There’s no doubt that C level curiosity around this is subject has been aroused; it’s becoming palpable, but whether it’s a pandora’s box or a burning platform is unidentified and uncertain. As Jeff Jarvis tweets, what’s the endgame of ‘FT’s @johngapper sitting on floor; Facebook investor ...
Dave, Lyn and I decided to carry on with the ‘social’ themes we’ve been tackling lately and discuss the different social mediums we are active in and how we use them. Dave already has his post up at HR Official
and Lyn’s aiming for Monday over at the Bacon Hut
When it comes to social media, I pretty much stick to the basics: LinkedIn
. I don’t use Foursquare
, although I totally would if I were a stalker. I don’t even have a logon for HootSuite or Empire Avenue
I know, I sound soooo
As I explained in an earlier post, I’m a late adopter
. I wait to try things until I have a reason to use them, rather than inventing a reason in order to try them. So, I didn’t join LinkedIn until my company was about to be acquired, I didn’t join Facebook until I decided to write a blog post about it and I didn’t join Twitter until my job went 'social.'
If you’re an even later adopter than I am, the hardest part is getting started, especially when it seems like everyone else already knows the ropes and has a million contacts. I still remember signing up for Twitter long after everyone I knew was already using it and ...
You say social, I say social. Let’s call the whole thing off. I didn’t mean to get drawn into the social business thing again, I really didn’t. The reason I think it worth wading into the various discussions, erm … positions that people are doggedly adopting, me included, is that this issue is so important. From where I am standing, business is so obviously social.
Some of you will know that I am deeply influenced by the social psychologist, Karl Weick. I am of course aware that there are countless other prominent social psychologists. It just so happens that he was the first one I stumbled on serendipitously and what he said made such a lot of sense to me. I had a first go at making the case for social business in an earlier post, Business Is Social – Get ...
Can a company get too big to care?
Lately, I've started to get some requests for Customer Service skills training. I take that as a positive sign. After many months of time management and stress management (definitely "signs o' the times," eh?), it's nice to be returning to the thing we ought to be most focused on, that is, The Customer.
In a recent seminar, when I asked the participants to reflect on their own experiences of good and not-so-good service, there were many (too many) stories shared about companies that had gotten too big to care:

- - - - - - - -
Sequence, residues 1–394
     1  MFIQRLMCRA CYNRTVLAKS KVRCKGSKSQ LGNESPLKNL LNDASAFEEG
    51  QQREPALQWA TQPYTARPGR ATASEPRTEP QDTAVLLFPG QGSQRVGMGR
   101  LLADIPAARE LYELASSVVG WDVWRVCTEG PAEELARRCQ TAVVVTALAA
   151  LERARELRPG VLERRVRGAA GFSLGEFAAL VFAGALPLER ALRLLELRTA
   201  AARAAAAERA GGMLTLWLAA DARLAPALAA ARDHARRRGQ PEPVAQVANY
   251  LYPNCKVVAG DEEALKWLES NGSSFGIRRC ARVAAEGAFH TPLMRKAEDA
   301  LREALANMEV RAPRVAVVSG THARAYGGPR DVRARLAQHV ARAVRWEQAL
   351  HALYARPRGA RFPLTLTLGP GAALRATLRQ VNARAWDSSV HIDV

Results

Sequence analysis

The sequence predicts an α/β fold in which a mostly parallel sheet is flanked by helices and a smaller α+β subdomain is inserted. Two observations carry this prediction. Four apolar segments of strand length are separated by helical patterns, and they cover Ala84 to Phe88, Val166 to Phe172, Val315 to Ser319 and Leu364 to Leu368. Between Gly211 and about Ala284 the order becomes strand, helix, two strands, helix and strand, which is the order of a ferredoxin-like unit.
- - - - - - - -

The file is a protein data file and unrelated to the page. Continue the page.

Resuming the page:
- the cable company that kept transferring a customer from point to point without any resolution of the caller's question
- the financial services company that promised to kill a duplicate bill, but continued to send the double bill month after month
- the phone company that promised to stop billing a customer for a service he did not want (and had never asked for in the first place), but the service continued to appear on the monthly statement anyway
And more. The phrase that came to mind was "too big to care," inspired no doubt by the phrase that appeared just a couple of years ago during the financial meltdown, "too big to ...
It’s no secret that the majority of job openings are never advertised. The good people at PostRank have made it obvious, however, that companies that don’t advertise their positions online are missing valuable opportunities.
Every month, hundreds of thousands of people share job postings through Facebook, Twitter, and other social networking sites. They reach an audience of millions.
Established corporations spend fortunes trying to get the same publicity that a surprised kitten (averaging 2–3,000,000 views per month; see below) or a crudely drawn face find online. Some even create positions specifically to solicit such online attention.
Widespread internet use and a competitive job market make optimal conditions for the viral distribution of well-constructed job advertisements. Online postings can dramatically increase the number and quality of applicants, and can also serve to improve brand recognition and customer loyalty. What are you waiting for?
Did you get your job from an online posting? Does your company post its open positions online?
Paul Baribeau writes for TribeHR, studies Knowledge Integration, and once considered a career as a pirate (it didn’t work ...
Photo: Christine Rose/Flickr (Creative Commons)
The story goes that the hunters put an apple in a glass jar with a narrow opening and leave the jar deep into the jungle under a tree. In the evening the monkeys come out of the trees triggered by the alluring fragrance of the apple. They find the jar by following their noses. As soon as a monkey sees the apple in the jar it doesn’t hesitate and puts a hand in and grabs the apple. But when it tries to pull the hand out it gets stuck in the neck of the jar because holding the apple makes the hand too big for the neck. The monkey is caught in an agonizing dilemma: letting go of the apple and having its hand back, or trying over and over to pull the hand and the apple out of the jar. The desire for the apple wins … In the morning when the hunters return they find the jar with the monkey next to it on the ground, exhausted. Its hand still stuck in the jar. Too exhausted to fight the hunters, too tired to flee. An easy prey.
When I heard this story I was struck by the simplicity of the hunting technique, but even more by the power of its message: how not being able to let go of certain things can have serious consequences.